F, psychoanalyst, interviewed by Anne Grete Hersoug
F has completed his psycho-analytic training and has a fulltime practice as a psychotherapist in a German city, with many different kinds of patients in depth-oriented therapy. Between the intensive processes with his patients, he sometimes needs to relax. What does he do then?
Deep mental relaxation
“I had some experience with Vipassana meditation, and had also learnt autogenic training, which I practiced for a while – although not regularly. It gave me bodily relaxation, but with a tight schedule and many patients every day, I felt an increasing need for deep mental relaxation. I was looking for a suitable method and decided to try Acem Meditation. I found that the free mental attitude suits me much better than the concentrative approach of the two other methods.”
Working through emotions
F has been meditating for three years now and appreciates that meditation helps me when he needs thorough mental relaxation after a therapy session. An extra bonus is that it has a positive effect on the blood pressure, which is relevant for him.
“In my everyday life as a psychotherapist, I often work with strong emotions. I am frequently the target of patients’ projections, and such processes may become quite intensive. In order to continue to do a job as a therapist in the next session, deep mental relaxation is particularly important. Meditation has such an effect after only short time – 15-20 minutes is usually enough to make a significant difference.”
More present with patients
“This kind of relaxation means a lot to me. I try to fit in a break for meditation every day in the afternoon. The advantage of having my own office is that it is easy to do that. My head becomes clearer and I am more mentally present before the next patient comes. At the end of my working day I usually leave behind what has happened during the sessions. Some days it is more difficult not to bring home undigested residue, but meditation is a great help. At home, I try to start every day with 45 minutes of meditation, and do some yoga exercises when I have time.”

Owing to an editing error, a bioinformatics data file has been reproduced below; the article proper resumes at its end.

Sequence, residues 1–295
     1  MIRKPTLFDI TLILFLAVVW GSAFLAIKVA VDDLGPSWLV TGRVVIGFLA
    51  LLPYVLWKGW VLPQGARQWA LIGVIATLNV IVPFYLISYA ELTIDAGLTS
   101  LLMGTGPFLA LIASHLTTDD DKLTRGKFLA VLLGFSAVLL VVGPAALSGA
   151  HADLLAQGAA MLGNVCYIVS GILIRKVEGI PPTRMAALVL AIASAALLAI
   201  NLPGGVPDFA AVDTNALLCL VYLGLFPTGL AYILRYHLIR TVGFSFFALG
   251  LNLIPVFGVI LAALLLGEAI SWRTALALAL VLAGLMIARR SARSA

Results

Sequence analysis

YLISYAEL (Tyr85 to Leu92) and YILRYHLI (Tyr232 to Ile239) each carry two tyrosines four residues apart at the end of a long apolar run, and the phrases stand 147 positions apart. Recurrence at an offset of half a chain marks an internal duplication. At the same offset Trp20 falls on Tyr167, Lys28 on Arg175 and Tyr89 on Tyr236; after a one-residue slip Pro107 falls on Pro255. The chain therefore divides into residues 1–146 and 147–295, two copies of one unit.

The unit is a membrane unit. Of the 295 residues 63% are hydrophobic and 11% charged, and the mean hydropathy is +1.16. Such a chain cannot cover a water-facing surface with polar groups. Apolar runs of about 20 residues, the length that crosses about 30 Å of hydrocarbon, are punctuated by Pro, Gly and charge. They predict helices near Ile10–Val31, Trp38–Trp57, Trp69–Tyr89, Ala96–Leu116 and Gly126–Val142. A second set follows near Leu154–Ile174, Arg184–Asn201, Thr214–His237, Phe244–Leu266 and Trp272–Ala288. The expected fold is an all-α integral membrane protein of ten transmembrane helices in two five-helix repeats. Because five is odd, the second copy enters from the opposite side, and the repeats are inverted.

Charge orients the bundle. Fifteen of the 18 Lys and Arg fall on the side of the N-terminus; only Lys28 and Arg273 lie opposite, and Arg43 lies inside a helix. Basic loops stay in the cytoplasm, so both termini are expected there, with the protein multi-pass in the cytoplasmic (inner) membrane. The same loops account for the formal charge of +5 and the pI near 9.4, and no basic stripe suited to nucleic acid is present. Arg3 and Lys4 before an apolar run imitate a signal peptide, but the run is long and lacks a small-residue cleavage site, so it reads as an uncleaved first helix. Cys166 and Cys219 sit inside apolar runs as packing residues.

A personal experience
We meet F at his second deepening retreat at Halvorsbøle. What brings him back for another deepening experience?
“I like to go deeper into the meditation process, and here we start every day with a focus on intensive meditations. At this kind of retreat there is a special atmosphere. I have a different experience this time: it feels easier in comparison to the first time, which was heavier.
“In my psychoanalytic training there was an emphasis on the personal experience of the training analysis. Acem Meditation is something quite different, but also gives some kind of deeply personal experience, nonverbally, which is a valuable approach. I have noticed that things have changed in my life after I learned meditation. It isn’t easy to know exactly what comes from meditation, since it cannot be observed directly, but I find myself reflecting about this, in order to sort it out.”
More on deepening retreats in Acem.
Copy editor: Ann Kunish